On Tuesday, the head of the International Energy Agency (IEA) pleaded with governments to up the pace in reducing the world’s dependence on oil and gas. A “strong signal to energy markets” was needed, said Fatih Birol – one which indicated that governments are taking the climate seriously. Wealthy countries, he added, having disproportionately contributed to historical carbon emissions, bear a special responsibility as the climate begins to change at “frightening speed”.
On Wednesday Britain certainly sent out a signal. But it was hardly the one the IEA would have hoped for. Instead, the green light was given for the exploitation of the United Kingdom’s largest untapped oilfield. The Rosebank project in the North Sea has the potential to deliver 500m barrels of oil, which, when burned, would emit the same amount of carbon dioxide as the running of 56 coal-fired power stations for a year. Tax incentives offered to the Norwegian energy company Equinor will effectively subsidise a development certain to undermine the country’s credibility in future climate negotiations.
About 80% of North Sea oil is sold abroad, giving the lie to ministerial arguments that this is about energy security for hard-pressed Britons. So why? The truth is that, as with the U-turns last week on net zero-related targets, Rishi Sunak is playing politics with the climate emergency. The prime minister calculates that, in the context of the cost of living crisis, the challenges of the green transition can become a wedge issue with Labour. For presumed short-term electoral gain, he is methodically disrupting a formerly broad consensus on climate commitments.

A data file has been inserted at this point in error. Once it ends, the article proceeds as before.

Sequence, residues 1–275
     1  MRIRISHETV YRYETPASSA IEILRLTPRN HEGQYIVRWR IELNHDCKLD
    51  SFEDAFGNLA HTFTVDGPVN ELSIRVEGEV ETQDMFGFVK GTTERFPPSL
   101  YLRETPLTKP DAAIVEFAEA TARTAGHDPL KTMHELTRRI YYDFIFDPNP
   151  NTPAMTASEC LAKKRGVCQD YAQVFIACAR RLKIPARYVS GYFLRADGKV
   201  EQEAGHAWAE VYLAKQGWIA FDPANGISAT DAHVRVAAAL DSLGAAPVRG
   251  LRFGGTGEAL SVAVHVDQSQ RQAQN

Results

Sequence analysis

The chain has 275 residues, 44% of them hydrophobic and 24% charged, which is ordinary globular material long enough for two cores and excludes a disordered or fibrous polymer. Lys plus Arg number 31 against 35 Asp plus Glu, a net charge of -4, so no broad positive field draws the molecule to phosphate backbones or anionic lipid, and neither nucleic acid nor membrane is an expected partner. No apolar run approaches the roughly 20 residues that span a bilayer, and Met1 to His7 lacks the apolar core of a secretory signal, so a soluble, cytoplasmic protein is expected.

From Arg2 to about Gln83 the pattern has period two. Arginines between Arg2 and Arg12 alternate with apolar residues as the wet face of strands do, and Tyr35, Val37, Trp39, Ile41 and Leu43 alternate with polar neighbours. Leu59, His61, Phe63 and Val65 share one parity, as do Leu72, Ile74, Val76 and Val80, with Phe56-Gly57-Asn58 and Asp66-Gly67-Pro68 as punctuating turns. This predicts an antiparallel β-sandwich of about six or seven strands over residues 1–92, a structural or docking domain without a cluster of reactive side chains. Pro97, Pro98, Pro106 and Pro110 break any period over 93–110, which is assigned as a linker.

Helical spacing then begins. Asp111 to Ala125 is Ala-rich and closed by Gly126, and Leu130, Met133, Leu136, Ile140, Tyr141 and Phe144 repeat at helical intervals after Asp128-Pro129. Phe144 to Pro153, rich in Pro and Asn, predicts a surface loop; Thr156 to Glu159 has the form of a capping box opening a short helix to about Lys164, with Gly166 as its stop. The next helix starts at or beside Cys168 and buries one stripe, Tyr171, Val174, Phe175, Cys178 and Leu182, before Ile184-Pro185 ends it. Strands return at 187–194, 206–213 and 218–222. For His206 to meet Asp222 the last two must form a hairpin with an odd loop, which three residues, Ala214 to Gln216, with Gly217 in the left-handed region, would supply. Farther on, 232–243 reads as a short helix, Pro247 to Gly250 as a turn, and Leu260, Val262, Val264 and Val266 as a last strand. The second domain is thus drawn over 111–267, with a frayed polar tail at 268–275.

Domestically, this cynical disregard for the UK’s environmental responsibilities will leave future governments to pick up the pieces. That is deeply irresponsible. It is also to squander the possibilities of economic growth that come with the net zero timetable, which is defining the industrial parameters of the future. While fiscal inducements are deployed in the North Sea, undermining climate targets that command popular assent, insufficient government support this month caused off-shore wind sector growth to grind disastrously to a halt. A dismal combination of political opportunism and economic myopia is sabotaging Britain’s green prospects.
But it is on the global stage that the Rosebank decision will resonate most damagingly. Net zero sceptics on the British right like to point to the gulf in overall emissions between countries such as the UK and vast economies such as China and India. Yet the rest of the world is well aware of the historic role played by the industrialised west in creating the climate emergency. If countries such as the UK fail to lead the way in mitigating the damage done, the global cooperation required to limit temperature rises will be far harder to achieve. The journey to net zero is not just about statistics; it involves negotiating these political and ethical dynamics for the common good of the planet.
In this context, the willingness of a backs-against-the-wall Conservative administration to max out on North Sea oil and gas sends a disastrous message. Two years ago, in an interview with the Guardian, Mr Birol said he feared that in relation to climate targets there was “a huge and growing gap between the rhetoric [from governments] and the reality”. Shamefully, it grew even wider on Wednesday in Britain.